As late as ten minutes before the 2017 Royal Rumble match, I was undecided on whether to do a write-up or even take notes. But it has been a while since my last post as I have been experimenting with various podcast formats, none of which will do.
I had high hopes for this year’s Rumble match since 2016 was a return to the kind of booking seen in the past, and with this match loaded with (part time) star power. It’s just a shame I saw betting odds beforehand, which kind of ruined it for me.
A quick comment on earlier matches: I was rather bored by much of it and actually fell asleep during Owens vs Reigns. It’s okay, because Reigns went to the back for a nap in the 2016 match so one good turn deserves another. Cena vs Styles was awesome as usual, but because it didn’t take place in the Tokyo Dome or even the Sumo Japanese Steakhouse in San Antonio, it can’t possibly be as good as any New Japan match according to some. With Cena and Owens as champions, it meant either a face or heel could win. Or maybe even a guy who is both. Just don’t let betting odds spoil it. Continue reading 2017 Royal Rumble Match: Brawny the Strowman
Just over a year ago in my Royal Rumble series, I made clear that the ’92 Rumble is my favorite match ever because it is a This Is Your Life story for Ric Flair. But how exactly can you connect Flair at some point in the Nature Boy’s career to everyone else in the match? I managed to go 28 for 30.
1. British Bulldog: Bulldog was on the set of the Flair For The Gold segment in 1993 that featured the infamous Shockmaster incident.
2. Ted DiBiase: They had been on the same team at the 1991 Survivor Series, but more famous is their 1985 match in Mid-South for Flair’s NWA World Title.
Been a while since I’ve done a post on a book and in reviewing my Kindle notes, I completely missed one. I read Bill Apter’s book “Is Wrestling Fixed? I Didn’t Know It Was Broken!” on vacation in the Outer Banks at the same time I read the Pat Patterson book, which consumed many more posts than this will.
Apter was a staple of my childhood as the main guy at a group of wrestling magazines (The “Apter mags”) led by Pro Wrestling Illustrated. As I lived in the northeastern US, I would see WWF but those magazines introduced me to NWA, AWA, World Class and all the territories or at least the ones that remained in the late 1980s. So in a way, Bill Apter is partly responsible for this blog. Let’s peek at the book, though I didn’t highlight very much. Continue reading Highlights of Bill Apter’s “Is Wrestling Fixed? I Didn’t Know It Was Broken!”
Ask any wrestling fan what the greatest year in the history of the business is and you’ll hear a few answers. The years 1997-98 saw the explosion of wrestling into mainstream culture, 1984 saw the WWF expansion along with several strong territories. I’ll guarantee that under Family Feud rules (ask 100 people) that the number one answer would be 1989. The NWA (WCW) had classic Ric Flair feuds with Ricky Steamboat and Terry Funk, along with the emergence of Sting and the Great Muta. Territories like Memphis and World Class were running interesting angles. Japan saw the legendary Jumbo Tsuruta-Genichiro Tenryu matches. And of course, the WWF machine hummed along starting with a Saturday Night’s Main Event on the first Saturday of the year.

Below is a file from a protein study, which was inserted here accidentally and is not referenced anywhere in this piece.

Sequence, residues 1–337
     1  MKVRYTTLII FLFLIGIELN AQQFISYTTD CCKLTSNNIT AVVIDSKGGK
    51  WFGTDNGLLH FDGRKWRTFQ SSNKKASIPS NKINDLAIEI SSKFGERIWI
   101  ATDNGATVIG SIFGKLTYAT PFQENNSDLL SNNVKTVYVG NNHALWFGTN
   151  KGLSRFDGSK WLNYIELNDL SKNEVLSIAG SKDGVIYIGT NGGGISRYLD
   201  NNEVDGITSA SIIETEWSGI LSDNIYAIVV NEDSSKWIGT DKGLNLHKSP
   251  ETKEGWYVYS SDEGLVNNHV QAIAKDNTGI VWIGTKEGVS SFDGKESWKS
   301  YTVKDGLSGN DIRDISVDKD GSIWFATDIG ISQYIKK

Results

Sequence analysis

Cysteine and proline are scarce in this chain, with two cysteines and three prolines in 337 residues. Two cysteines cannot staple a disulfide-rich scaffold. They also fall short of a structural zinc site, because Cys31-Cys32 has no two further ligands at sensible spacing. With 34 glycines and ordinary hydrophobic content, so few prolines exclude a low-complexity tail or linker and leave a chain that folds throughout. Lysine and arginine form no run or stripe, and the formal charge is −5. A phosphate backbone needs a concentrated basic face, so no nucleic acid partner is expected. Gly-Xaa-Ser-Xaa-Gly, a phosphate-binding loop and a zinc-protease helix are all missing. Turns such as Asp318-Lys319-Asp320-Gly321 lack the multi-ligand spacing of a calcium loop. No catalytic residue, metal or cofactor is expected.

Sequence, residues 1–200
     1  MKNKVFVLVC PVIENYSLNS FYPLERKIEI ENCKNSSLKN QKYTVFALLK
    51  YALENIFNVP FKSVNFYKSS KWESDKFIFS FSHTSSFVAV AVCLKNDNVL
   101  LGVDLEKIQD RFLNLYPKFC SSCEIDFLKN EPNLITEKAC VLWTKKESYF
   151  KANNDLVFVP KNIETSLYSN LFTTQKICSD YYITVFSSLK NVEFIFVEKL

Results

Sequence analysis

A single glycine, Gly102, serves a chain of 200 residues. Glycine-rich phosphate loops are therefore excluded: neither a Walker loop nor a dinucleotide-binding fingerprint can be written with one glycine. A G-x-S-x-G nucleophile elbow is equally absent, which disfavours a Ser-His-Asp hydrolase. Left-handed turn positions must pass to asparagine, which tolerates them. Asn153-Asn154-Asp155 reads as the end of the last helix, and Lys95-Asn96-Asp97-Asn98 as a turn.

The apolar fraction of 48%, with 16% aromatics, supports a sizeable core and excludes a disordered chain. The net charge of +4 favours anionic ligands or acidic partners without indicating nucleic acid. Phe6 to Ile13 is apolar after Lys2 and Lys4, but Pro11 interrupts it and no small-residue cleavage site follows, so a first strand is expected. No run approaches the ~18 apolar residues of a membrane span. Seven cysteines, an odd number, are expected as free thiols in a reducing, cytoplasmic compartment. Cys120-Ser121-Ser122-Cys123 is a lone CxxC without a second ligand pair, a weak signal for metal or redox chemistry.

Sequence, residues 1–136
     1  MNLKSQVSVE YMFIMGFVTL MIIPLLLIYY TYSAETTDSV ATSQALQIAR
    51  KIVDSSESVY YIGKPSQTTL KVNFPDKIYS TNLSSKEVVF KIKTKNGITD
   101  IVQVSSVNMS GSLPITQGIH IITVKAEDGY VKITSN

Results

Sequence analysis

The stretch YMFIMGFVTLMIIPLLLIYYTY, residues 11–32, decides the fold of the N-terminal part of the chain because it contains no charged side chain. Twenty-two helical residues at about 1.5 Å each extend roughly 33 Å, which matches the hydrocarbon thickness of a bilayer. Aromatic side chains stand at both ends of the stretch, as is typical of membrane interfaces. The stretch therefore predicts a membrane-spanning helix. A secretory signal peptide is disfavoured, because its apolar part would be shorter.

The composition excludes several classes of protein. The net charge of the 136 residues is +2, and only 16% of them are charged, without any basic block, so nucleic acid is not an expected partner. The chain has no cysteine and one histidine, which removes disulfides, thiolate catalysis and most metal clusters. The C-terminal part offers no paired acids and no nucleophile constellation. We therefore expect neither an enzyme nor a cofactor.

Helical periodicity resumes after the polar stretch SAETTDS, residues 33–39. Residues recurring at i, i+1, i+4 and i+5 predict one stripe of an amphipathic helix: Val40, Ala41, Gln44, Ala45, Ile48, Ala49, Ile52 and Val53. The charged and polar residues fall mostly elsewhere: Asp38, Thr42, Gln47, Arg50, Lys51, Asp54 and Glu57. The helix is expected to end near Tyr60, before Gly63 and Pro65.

But first, a personal story about this show. I never saw this until the WWE Network came along even though I was watching religiously 28 years ago. As a lad of 9, I wasn’t staying up until 11:30 PM ET to see the show live so we would run the VHS on a timer. However, my father messed up and it never taped and I was furious that I missed the hair vs hair blowoff between Brutus Beefcake and Outlaw Ron Bass. Such are the priorities of youth. (Four years later, my father accidentally taped over Larry Bird Night with something, probably a game show. But he made good and purchased the commercial VHS, which I still have.) Continue reading Saturday Night’s Main Event #19 – 01/07/1989
And now I am going to jump completely out of my comfort zone of mid-80s WWF and not even watch a wrestling show, but rather a movie. No, it’s not No Holds Barred. It’s not even the more famous “The Wrestler” from 2008 starring Mickey Rourke, or as I knew him: “that dude from 9 1/2 Weeks”.
This “The Wrestler” was an independent film released in 1974 by Verne Gagne, the longtime owner and champion of the American Wrestling Association based out of Minnesota. At the time of the movie’s release, Gagne was in year 6 of a long title reign and was nearly 48 years old. And therein lies the premise of this somewhat autobiographical film: the promoter (played by Ed Asner) feels Gagne is too old and wants him to step aside to make way for a new champion (played by British shooter Billy Robinson). There are tons of cameos from active wrestlers, including Ric Flair who LIVED that “too old” storyline so many times. As it is 1974, the movie is done entirely in kayfabe. Continue reading The Wrestler (1974) Film Synopsis and Review